Visiting Teddy Roosevelt Country

I had no idea how much water northern North Dakota had until driving mile after mile of ponds, ditches, even lakes. There were ducks everywhere but I was really surprised to see many cormorants and even more gulls.

We had awoken early due to a thunderstorm and more were forecast so we hit the road early on Sunday morning. Public radio is interesting here: they had a program, which is on routinely, where a professor, a Thomas Jefferson scholar, takes on the role. He was discussing design issues which he picked up from his time in France….. you get the point. Later, I tuned into a church service which sounded a lot like Episcopal – but of course was Lutheran. I tuned in after the sermon just as communion was starting so much of the broadcast was happy organ music while folks shuffled up to received the bread and wine. I sang along with one hymn but they could use a better organ. It was an interesting diversion and in a way, grounded me for the rest of the journey.

Before long, we came into fracking territory with open flares, pumps, and all the trappings of the Bakken shale oil boom – which has tailed off but still cranking. Thousands of white pickup trucks, big “man camps” with hundreds of small RV-style apartments, hastily thrown up motels and restaurants, and many miles of pipeline snaking across the green hills. It was ugly – much worse than the parts of west Texas we visited.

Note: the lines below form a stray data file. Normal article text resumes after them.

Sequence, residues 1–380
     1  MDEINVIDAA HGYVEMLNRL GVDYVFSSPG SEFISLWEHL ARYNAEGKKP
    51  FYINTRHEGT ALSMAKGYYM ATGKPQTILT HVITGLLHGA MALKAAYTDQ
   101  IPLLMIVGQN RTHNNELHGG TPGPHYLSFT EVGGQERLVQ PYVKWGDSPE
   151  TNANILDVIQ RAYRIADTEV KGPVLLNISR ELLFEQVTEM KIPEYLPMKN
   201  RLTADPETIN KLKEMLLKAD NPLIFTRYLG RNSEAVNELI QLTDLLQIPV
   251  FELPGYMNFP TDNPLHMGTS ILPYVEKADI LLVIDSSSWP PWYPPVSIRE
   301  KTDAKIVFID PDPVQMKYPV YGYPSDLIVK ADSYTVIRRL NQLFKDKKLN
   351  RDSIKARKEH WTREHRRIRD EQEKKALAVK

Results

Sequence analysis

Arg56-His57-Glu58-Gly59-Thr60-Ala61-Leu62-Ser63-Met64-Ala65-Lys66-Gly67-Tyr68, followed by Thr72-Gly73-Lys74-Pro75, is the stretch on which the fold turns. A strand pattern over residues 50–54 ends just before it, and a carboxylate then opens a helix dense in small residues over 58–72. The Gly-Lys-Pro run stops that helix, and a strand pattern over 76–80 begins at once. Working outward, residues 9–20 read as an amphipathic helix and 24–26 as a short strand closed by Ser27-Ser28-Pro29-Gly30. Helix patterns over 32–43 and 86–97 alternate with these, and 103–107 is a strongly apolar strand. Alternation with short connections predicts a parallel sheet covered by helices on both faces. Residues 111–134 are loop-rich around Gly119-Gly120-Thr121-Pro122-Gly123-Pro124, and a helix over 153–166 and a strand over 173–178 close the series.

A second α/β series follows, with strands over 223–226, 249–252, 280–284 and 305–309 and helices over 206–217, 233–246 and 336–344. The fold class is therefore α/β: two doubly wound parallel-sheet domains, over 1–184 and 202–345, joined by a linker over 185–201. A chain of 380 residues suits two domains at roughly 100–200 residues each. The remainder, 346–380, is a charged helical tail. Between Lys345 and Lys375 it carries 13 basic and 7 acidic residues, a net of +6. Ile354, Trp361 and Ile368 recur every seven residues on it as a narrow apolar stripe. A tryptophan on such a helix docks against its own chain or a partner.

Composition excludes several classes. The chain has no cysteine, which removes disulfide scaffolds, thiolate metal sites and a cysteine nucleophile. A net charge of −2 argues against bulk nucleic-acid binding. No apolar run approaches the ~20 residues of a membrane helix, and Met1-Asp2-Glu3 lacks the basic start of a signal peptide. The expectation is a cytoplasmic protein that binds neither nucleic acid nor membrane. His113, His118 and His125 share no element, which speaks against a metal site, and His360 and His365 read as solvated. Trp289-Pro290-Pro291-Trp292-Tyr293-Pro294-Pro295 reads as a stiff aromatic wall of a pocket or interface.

Fortunately, about 12 miles south of the worst of it, we came over this bill and the vista of the Theodore Roosevelt National Park. So how to react? Pull off and take a stupid selfie.

The Juniper campground lies along the Little Missouri River and like most NPS sites, does not have hookups nor does it take reservations. We have a nice quiet site and just a short path through the trees brings us to this sight.

The geological features here are truly amazing. There’s a scenic drive that Penny and I took Sunday evening. Here are a few shots from the drive.

The birding here has been quite good and I will let you know why in my next post. There’s no signal here – have to drive five winding miles to get coverage. Trying to do this with a cell phone, transferring some photos from my camera to my laptop and then syncing to my iPhone, is challenging. It’s a little backwards but driving the Lewis and Clark trail at 70, with air conditioning, kept things in perspective. And then Monday morning, as I was leaving the park to get some groceries, two big bison were in the road, just doing their thing. Which, whatever it is, is on bison-time. I blew the puny van horn, they just stood there. Finally, I eased between them too close for comfort. I had visions of having to call Progressive with a wild bull story.

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